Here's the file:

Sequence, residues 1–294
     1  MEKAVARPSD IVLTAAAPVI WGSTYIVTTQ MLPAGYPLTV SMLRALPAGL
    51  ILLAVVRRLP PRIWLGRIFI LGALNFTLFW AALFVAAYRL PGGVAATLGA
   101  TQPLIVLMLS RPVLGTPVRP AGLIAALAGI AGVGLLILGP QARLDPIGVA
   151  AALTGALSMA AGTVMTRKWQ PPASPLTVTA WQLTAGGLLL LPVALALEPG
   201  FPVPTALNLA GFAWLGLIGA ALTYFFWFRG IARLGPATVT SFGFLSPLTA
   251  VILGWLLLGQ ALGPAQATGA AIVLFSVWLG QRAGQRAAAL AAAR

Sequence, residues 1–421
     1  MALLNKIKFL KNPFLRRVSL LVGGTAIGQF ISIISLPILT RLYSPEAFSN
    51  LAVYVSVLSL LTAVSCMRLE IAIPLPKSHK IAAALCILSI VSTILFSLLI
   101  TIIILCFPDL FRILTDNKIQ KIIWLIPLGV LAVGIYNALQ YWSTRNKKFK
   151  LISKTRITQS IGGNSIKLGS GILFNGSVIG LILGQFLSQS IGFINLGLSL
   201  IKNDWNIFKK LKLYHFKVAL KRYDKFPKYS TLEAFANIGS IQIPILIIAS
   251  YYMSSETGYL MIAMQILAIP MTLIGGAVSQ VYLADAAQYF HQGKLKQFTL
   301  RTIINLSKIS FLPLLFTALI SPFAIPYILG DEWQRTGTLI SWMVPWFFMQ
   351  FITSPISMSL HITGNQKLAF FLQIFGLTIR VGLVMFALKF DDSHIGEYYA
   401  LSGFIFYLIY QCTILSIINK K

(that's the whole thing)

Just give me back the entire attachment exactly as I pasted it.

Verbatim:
Sequence, residues 1–294
     1  MEKAVARPSD IVLTAAAPVI WGSTYIVTTQ MLPAGYPLTV SMLRALPAGL
    51  ILLAVVRRLP PRIWLGRIFI LGALNFTLFW AALFVAAYRL PGGVAATLGA
   101  TQPLIVLMLS RPVLGTPVRP AGLIAALAGI AGVGLLILGP QARLDPIGVA
   151  AALTGALSMA AGTVMTRKWQ PPASPLTVTA WQLTAGGLLL LPVALALEPG
   201  FPVPTALNLA GFAWLGLIGA ALTYFFWFRG IARLGPATVT SFGFLSPLTA
   251  VILGWLLLGQ ALGPAQATGA AIVLFSVWLG QRAGQRAAAL AAAR

Sequence, residues 1–421
     1  MALLNKIKFL KNPFLRRVSL LVGGTAIGQF ISIISLPILT RLYSPEAFSN
    51  LAVYVSVLSL LTAVSCMRLE IAIPLPKSHK IAAALCILSI VSTILFSLLI
   101  TIIILCFPDL FRILTDNKIQ KIIWLIPLGV LAVGIYNALQ YWSTRNKKFK
   151  LISKTRITQS IGGNSIKLGS GILFNGSVIG LILGQFLSQS IGFINLGLSL
   201  IKNDWNIFKK LKLYHFKVAL KRYDKFPKYS TLEAFANIGS IQIPILIIAS
   251  YYMSSETGYL MIAMQILAIP MTLIGGAVSQ VYLADAAQYF HQGKLKQFTL
   301  RTIINLSKIS FLPLLFTALI SPFAIPYILG DEWQRTGTLI SWMVPWFFMQ
   351  FITSPISMSL HITGNQKLAF FLQIFGLTIR VGLVMFALKF DDSHIGEYYA
   401  LSGFIFYLIY QCTILSIINK K